4 Unconventional Approaches to Develop into a Better SEO
Let’s get real for a minute: As much as we hear about positive team cultures and healthy work environments in the digital marketing space, many of us encounter workplace scenarios which are far from the ideal. Some of us may even participate a group where we feel discouraged to share new ideas or alternative solutions because we realize it is likely to be shot down without discussion. Worse, there are several who feel afraid to ask questions or seek help because their workplace culture doesn’t provide a safe place for learning.
These kind of situations, and many others want it, exist in quite a few work environments. But what if I told you it doesn’t need to be in this manner?
Throughout the last a decade as a group manager at various agencies, I’ve been working hard to foster a work environment where my employees feel empowered to share their thoughts and can safely study on their mistakes. Through my experiences, I are finding a couple of strategies to combat negative culture and change it with a culture of vulnerability and creativity.
Below, I offer four simple steps you can follow that will transform your work environment into one that encourages new ideas, permits feedback and positive change, and ultimately allows you to and your team better digital marketers.
Vulnerability leads to creativity
I first learned all about the impact of vulnerability after watching a viral TED talk by Dr. Brene Brown. She defined vulnerability as “uncertainty, risk, and emotional exposure.” She also described vulnerability as “the birthplace of love, belonging, joy, courage, empathy, and creativity.” From this, I discovered that to make a culture of vulnerability is to make a culture of creativity. And isn’t creativity at the heart of what we SEOs do?
A culture of vulnerability encourages us to take risks, study on mistakes, share insights, and deliver top results to your clients. In the fast-paced world of digital marketing, we simply cannot achieve top results with the tactics of yesterday. We also can’t sit around and await the following Moz Blog or marketing conference, either. Our best course of action would be to take risks, make mistakes, study on those mistakes, and share insights with others. We’ve to understand from those with more experience than us and share what we realize to those with less experience. Put simply, we need to be vulnerable.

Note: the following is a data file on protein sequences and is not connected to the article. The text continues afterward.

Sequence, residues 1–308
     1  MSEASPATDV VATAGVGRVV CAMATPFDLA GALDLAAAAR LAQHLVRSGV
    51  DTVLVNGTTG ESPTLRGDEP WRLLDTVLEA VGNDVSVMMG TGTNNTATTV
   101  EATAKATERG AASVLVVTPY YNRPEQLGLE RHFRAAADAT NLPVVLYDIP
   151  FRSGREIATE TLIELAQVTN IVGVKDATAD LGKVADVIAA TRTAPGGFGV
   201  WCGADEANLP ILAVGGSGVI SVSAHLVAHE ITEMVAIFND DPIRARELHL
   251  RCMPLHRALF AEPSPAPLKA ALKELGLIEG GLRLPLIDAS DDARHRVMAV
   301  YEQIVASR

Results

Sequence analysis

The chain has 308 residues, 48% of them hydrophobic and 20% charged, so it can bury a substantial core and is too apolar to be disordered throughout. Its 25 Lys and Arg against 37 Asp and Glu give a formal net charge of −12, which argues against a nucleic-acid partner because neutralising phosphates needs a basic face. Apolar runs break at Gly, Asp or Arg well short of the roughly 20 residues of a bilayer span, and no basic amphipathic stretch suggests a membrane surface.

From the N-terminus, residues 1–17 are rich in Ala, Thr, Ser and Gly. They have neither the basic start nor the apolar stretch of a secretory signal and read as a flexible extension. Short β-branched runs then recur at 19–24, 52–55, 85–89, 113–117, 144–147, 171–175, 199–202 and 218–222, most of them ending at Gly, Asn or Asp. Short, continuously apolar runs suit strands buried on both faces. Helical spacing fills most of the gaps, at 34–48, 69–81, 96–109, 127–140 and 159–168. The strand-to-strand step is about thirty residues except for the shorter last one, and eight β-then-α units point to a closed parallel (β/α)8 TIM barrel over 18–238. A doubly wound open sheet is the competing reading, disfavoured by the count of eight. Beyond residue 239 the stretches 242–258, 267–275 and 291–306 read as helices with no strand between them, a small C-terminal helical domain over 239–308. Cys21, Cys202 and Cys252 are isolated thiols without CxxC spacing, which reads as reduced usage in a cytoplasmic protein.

Below is a set of four ways you can help create a culture of vulnerability. Whether you are a manager or not, you can impact your team’s culture.
1. Get a second pair of eyes on the next project
Are you currently finishing up an exciting project for the client? Did you just spend hours of research and implementation to optimize the perfect page? Perfect! Now go ask you to definitely critique it!
As simple because it sounds, this could make a difference in fostering a culture of creativity. It’s also extremely difficult to do.
Large or small, every project or task we complete must be the best your team can provide. Often, however, team members work in silos and complete these projects without requesting or receiving constructive feedback from their teammates before sending it to the client. This leaves our clients and projects only receiving the best one person can offer as opposed to the best of an entire team.
All of us use diverse team members that carry varying levels of experience and responsibilities. I bet someone on your own team may have something to add to your project that you didn’t already think of. Receiving their feedback means every project that you finish or task that you complete is the better your team provides your clients.
Keep in mind, though, that requesting constructive feedback is more than simply having someone conduct a “standard QA.” In my own experience, a “standard QA” means someone barely viewed everything you sent and gave you the thumbs up. Having someone go over work and provide feedback is only helpful when done correctly.
Say you’ve just completed writing and editing content to a full page and you’ve mustered up the courage to possess someone QA your work. Rather than sending it over, saying “hey are you able to review this and make certain I did so everything right,” instead make an effort to send detailed instructions such as this:
“Here is a to a full page I simply edited. Is it possible to take 15 minutes to examine it? Specifically, are you able to review the Title Tag and Description? This is something the client said is important in their mind and I wish to make certain I obtain it right.”
Oftentimes, you never need your manager to prepare this for you. You are able to set this up yourself and it doesn’t have to be a big thing. Before you finish a task or task this week, work with a team member and inquire further for help simply by asking them to QA your work. Worried about taking up an excessive amount of their time? Offer to swap tasks. Say you’ll QA some of the work when they QA yours.